Having a good base of knowledge and an overview of the common bow parts is vital before you make your first purchase. Fledgling archers should note that most of the information below is tailored to takedown recurve bows; however, there is some crossover.
Risers are the main hub of any bow, and are the thickest, most central area of the bow’s body; this is where you will grip the bow. Most manufacturers choose to construct the riser from wood, but modern fiber and aluminum risers are gaining more traction within the community.
Aluminum, fiber, and composite materials can reduce the amount of vibration transferred to the bow when shooting, leading to more efficient, quieter shots.
When looking for a new bow, but mainly a beginner bow, the quality of the riser should be given the most consideration. If you are on a budget, you should look for the bow that offers the highest quality riser, even if the limbs are of slightly lower quality.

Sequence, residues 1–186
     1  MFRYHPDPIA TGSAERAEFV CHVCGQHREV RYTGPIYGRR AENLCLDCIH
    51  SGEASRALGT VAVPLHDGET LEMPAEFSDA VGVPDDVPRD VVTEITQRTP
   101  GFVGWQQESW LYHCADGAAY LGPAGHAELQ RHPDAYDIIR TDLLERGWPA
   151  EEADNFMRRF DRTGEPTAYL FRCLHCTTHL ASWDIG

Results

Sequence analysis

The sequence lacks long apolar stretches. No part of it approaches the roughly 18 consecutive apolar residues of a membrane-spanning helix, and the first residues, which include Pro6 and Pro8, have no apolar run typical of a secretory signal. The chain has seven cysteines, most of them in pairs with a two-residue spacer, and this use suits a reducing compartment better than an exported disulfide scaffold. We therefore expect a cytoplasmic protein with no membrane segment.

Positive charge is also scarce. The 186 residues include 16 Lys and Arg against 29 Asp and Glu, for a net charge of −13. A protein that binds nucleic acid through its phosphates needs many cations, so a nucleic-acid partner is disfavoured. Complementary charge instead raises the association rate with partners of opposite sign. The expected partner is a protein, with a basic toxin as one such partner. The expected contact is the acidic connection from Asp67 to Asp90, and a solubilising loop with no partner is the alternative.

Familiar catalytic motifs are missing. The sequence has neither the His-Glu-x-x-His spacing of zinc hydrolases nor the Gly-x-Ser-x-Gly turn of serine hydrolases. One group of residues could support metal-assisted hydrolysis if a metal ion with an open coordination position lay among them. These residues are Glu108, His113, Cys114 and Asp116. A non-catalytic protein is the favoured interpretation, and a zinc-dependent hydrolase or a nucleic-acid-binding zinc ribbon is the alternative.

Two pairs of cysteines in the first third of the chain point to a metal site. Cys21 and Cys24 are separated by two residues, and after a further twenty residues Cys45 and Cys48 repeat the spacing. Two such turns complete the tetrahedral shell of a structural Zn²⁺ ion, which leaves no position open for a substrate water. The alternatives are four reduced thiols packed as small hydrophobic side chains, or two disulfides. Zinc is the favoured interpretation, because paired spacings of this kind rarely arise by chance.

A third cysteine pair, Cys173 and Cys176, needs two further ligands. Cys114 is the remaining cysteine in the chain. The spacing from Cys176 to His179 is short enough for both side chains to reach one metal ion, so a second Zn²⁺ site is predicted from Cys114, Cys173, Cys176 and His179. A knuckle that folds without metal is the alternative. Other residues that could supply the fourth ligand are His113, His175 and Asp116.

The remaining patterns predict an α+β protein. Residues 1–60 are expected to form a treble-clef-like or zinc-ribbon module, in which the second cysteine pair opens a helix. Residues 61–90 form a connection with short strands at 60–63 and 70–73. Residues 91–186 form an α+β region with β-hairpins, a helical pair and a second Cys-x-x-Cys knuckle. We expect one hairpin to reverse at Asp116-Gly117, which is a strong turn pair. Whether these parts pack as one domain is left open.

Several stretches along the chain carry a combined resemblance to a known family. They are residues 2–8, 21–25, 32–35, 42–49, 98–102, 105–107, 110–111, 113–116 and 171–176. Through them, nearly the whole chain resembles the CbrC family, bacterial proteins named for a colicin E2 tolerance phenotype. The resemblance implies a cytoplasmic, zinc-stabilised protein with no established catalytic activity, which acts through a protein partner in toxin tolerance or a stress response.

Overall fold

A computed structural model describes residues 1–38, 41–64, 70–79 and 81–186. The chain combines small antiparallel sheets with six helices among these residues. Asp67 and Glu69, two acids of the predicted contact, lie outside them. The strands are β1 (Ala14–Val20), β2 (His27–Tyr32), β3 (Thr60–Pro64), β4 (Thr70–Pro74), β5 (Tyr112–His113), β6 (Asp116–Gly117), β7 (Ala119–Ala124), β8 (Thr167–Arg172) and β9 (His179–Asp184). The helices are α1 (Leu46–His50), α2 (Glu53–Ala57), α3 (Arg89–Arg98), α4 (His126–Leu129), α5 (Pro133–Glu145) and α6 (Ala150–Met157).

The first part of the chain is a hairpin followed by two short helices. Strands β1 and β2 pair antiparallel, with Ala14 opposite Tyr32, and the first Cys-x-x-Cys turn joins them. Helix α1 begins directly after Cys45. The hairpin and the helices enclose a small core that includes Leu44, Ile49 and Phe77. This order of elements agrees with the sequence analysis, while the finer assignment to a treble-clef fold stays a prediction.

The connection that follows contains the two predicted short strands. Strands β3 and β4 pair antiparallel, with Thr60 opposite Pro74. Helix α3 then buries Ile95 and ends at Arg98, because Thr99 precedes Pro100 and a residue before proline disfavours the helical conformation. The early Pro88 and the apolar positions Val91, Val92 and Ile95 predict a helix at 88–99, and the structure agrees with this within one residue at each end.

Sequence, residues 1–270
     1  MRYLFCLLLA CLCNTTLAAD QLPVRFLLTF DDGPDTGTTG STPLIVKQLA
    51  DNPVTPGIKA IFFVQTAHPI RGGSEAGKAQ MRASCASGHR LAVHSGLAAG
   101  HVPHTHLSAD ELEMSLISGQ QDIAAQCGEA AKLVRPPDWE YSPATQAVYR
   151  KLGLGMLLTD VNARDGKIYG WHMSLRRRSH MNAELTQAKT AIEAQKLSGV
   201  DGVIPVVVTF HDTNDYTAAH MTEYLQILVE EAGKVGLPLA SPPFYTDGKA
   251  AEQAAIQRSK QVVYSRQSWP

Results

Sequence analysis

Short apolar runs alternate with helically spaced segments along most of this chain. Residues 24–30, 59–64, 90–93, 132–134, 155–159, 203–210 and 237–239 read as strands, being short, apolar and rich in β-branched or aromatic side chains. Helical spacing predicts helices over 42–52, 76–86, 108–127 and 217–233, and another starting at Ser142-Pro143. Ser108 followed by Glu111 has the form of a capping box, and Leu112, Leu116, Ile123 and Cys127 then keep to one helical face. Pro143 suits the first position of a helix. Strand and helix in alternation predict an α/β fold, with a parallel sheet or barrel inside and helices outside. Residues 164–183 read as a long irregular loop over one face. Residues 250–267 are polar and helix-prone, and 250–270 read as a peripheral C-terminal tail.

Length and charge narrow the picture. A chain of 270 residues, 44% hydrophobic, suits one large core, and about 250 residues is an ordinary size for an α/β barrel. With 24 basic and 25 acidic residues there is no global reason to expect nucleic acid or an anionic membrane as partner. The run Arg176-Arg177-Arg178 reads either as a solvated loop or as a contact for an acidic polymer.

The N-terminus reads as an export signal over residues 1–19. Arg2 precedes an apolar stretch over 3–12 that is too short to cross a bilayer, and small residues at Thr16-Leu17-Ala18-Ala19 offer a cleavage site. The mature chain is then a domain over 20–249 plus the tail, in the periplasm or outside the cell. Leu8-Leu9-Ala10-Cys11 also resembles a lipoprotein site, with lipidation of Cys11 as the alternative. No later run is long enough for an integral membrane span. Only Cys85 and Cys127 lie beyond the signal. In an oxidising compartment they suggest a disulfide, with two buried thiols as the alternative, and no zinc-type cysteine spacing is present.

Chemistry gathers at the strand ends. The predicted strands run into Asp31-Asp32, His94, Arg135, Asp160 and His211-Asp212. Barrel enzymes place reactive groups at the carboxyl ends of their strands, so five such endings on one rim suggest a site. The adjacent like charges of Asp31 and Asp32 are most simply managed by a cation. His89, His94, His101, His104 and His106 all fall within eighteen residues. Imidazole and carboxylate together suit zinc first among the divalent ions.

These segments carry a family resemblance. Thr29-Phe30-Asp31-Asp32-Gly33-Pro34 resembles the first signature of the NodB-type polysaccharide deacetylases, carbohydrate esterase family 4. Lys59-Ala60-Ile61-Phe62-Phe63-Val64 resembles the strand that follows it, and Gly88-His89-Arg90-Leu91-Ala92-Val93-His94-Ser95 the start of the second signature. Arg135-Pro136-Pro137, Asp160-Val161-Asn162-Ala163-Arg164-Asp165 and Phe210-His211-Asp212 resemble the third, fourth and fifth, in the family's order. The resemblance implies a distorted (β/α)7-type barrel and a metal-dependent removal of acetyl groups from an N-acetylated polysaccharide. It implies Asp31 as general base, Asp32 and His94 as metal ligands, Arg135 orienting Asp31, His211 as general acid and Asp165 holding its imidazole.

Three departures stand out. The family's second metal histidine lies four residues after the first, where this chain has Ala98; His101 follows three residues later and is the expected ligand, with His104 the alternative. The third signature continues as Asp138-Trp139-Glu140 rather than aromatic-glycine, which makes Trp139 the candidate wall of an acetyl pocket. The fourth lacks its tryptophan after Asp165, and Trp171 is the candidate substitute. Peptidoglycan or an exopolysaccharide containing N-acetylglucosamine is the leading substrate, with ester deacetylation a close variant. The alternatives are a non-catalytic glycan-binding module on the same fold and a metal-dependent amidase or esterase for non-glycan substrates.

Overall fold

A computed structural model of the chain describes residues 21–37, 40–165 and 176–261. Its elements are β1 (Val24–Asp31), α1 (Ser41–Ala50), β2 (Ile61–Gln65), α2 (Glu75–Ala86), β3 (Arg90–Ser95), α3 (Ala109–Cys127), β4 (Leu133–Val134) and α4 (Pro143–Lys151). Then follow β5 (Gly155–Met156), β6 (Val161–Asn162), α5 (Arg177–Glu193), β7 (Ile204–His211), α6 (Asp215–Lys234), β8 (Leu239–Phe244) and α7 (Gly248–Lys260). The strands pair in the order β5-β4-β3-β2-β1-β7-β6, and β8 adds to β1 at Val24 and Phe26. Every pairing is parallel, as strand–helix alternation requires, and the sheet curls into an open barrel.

A good riser can last a lifetime, with upgraded limbs being added over time as the archer’s proficiency goes up, or their needs change.
A bow’s limbs attach to the top and bottom of the riser and transfer potential energy into kinetic energy when firing the bow. Traditionally, limbs were made from wood, but like risers, composite and fiber limbs are surging in popularity.
A bows limbs determine the poundage of the bow (the effort required to draw the bow), and beginners will require a lower rating until they develop the necessary strength and technique.
Most bow manufacturers follow a standard procedure during manufacturing, which means many brands are compatible with one another.